The air polishing powder should also be switched based on the patient in the chair, and maybe per tooth. Sometimes a tooth or an area cries out for special attention. For most machines, switching polishing powders is a time consuming activity. Dumping out the powder, cleaning out the line, and reintroducing a second powder take precious time and introduce infection control issues. Even removing the powder at the end of the day is a difficult task for most machines, and it's what keeps many clinicians from using the air polishing part of a dual scaling/polishing machine. The powder cup of the Suvi is on the outside and has a wide mouth. Just swapping cups is really all that is necessary.

Maintenance on the machines has improved quite a bit. For most, a press of a button blows out the remaining powder and gets you ready for your next patient in practically no time at all. Air slurry is quick and easy for your patients and makes it easy to keep the enamel and root surface intact.

This may sound fishy to people who have been following air polishing science for a while. Yes, there's a learning curve, as there was in school when you learned to use your angle. An early study showed root damage on teeth polished with sodium bicarbonate at 20 seconds, a long time in air polishing for a single location. The authors of that 20-second paper mentioned above didn't mention the air pressure. So, here's the scoop on air polishing that puts all the negatives into a new light: Turn the air pressure down. There's a way to turn down the pressure from the air compressor before it goes into the machine.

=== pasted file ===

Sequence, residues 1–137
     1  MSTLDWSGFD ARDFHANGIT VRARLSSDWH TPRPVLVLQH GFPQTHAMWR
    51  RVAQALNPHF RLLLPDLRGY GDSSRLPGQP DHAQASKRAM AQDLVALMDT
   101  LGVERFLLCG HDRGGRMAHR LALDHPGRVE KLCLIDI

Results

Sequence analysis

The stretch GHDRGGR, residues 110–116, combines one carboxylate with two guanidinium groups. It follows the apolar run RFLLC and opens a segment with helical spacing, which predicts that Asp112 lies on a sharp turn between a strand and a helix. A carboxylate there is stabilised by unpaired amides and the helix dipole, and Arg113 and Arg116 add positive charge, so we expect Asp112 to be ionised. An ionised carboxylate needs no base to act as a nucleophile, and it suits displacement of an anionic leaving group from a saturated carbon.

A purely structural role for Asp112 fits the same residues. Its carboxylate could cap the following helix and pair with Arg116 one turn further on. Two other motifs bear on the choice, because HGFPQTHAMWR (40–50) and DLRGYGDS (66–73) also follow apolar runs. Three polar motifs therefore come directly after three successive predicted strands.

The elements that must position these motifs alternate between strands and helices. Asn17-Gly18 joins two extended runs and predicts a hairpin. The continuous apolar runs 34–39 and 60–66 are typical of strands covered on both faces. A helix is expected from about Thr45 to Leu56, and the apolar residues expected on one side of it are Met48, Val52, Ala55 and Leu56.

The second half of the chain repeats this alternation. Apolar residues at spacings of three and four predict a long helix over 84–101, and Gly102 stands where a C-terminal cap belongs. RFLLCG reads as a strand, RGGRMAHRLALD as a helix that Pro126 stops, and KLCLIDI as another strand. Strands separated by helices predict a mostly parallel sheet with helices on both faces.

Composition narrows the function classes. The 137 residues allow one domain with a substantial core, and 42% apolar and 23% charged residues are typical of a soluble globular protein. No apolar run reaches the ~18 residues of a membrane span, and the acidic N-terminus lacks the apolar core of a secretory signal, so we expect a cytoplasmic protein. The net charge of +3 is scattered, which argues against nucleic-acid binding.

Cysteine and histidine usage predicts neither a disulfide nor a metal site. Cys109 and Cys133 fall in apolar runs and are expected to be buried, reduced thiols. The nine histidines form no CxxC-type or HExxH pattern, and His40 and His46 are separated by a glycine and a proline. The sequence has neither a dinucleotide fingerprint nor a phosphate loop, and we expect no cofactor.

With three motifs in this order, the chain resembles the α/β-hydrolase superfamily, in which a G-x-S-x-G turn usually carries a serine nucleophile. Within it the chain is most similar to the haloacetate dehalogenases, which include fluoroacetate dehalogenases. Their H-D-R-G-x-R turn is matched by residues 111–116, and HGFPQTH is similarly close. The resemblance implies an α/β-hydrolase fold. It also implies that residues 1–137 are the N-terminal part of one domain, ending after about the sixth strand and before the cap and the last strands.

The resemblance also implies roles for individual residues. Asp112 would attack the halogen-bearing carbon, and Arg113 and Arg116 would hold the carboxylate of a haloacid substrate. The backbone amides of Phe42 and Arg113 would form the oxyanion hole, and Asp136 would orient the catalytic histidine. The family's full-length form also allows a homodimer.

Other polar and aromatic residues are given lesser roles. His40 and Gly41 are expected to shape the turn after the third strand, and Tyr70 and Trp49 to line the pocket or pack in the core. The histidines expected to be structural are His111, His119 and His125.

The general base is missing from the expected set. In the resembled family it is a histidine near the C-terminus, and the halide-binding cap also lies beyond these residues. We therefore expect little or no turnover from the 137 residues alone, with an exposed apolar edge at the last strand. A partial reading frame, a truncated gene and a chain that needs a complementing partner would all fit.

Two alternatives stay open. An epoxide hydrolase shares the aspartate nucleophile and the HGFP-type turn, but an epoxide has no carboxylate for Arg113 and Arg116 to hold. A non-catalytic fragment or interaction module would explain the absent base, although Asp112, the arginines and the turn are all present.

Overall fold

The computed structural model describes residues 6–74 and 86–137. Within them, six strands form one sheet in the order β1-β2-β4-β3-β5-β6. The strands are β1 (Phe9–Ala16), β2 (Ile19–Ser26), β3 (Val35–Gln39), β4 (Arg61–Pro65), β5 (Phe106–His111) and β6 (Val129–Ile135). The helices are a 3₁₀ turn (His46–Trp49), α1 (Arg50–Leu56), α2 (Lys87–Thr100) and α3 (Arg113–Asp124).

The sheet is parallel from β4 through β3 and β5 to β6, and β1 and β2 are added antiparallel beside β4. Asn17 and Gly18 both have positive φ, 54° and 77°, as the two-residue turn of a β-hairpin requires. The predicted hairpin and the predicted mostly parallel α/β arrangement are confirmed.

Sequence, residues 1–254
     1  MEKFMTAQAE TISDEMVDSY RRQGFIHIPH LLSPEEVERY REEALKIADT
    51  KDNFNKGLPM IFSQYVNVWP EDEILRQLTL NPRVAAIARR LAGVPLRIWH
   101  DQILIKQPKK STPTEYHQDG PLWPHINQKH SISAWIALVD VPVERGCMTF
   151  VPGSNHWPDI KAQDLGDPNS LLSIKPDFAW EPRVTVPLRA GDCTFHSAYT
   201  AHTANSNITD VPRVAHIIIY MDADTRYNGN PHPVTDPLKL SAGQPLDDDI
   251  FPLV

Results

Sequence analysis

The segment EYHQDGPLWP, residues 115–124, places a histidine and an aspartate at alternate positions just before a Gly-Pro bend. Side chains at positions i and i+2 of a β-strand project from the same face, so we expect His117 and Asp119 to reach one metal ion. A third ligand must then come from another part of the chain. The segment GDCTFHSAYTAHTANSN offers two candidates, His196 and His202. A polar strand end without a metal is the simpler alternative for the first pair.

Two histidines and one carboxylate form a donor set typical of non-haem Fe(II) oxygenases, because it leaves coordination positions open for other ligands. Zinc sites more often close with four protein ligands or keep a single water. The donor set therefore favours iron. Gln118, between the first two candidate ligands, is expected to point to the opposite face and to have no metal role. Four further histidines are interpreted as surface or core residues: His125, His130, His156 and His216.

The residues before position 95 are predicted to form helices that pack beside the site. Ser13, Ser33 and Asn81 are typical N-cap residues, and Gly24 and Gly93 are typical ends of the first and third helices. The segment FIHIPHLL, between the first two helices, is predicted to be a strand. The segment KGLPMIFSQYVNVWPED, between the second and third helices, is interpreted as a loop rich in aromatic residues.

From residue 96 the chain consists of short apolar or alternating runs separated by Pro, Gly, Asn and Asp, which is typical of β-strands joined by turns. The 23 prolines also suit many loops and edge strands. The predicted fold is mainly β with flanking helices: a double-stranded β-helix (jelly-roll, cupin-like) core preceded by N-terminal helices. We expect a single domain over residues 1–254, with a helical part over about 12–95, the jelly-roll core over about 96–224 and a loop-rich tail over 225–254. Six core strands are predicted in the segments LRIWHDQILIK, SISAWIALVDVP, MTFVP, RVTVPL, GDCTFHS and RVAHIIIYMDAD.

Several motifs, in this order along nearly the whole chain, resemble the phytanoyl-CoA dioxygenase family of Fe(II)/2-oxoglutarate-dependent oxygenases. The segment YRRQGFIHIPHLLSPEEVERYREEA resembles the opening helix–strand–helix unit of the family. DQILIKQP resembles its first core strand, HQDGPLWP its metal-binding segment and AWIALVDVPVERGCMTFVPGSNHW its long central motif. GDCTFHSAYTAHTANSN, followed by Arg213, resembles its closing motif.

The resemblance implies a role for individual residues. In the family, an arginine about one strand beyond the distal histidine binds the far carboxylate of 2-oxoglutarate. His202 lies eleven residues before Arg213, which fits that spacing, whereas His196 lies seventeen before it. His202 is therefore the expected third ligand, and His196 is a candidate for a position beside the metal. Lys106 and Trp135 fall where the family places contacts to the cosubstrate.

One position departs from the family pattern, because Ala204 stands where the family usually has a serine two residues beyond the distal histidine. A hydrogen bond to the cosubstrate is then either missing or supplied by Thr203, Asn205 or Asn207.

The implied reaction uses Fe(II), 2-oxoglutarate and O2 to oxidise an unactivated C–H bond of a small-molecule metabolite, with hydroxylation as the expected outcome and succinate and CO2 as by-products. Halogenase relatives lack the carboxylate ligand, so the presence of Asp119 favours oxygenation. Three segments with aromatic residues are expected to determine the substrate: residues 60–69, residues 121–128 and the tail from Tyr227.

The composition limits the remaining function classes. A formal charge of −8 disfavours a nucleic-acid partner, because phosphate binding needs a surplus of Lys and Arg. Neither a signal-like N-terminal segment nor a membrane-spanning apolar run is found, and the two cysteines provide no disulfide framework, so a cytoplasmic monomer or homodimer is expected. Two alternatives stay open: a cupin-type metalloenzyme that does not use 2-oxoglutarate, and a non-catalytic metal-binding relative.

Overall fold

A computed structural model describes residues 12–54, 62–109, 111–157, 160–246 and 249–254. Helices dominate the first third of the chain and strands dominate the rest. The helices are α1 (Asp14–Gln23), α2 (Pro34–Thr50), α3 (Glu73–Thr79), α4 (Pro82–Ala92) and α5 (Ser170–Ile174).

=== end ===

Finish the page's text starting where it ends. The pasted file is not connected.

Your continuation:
This simple tip reduces aerosols and fluff and improves the cleaning outcome and the patient experience. Wearing a good mask properly improves safety for all clinicians who work on patients. There are also masks for patients to protect them from all aerosols that occur during a visit with the dental hygienist.

Learning how to use today's polishing options can make an oral health provider a true patient advocate by keeping enamel sound. For whatever reason, patients like to have their teeth polished, and dental hygienists like offering it as a service. Polish like a pro... progress, that is. RDH

Shirley Gutkowski, RDH, BSDH, is a practicing dental hygienist specializing in orofacial myofunctional therapy. Her practice, Primal Air, LLC, is in Sun Prairie, Wisconsin. Ms. Gutkowski is also the host of Cross Link Radio, a podcast with timely information integrating oral and systemic health.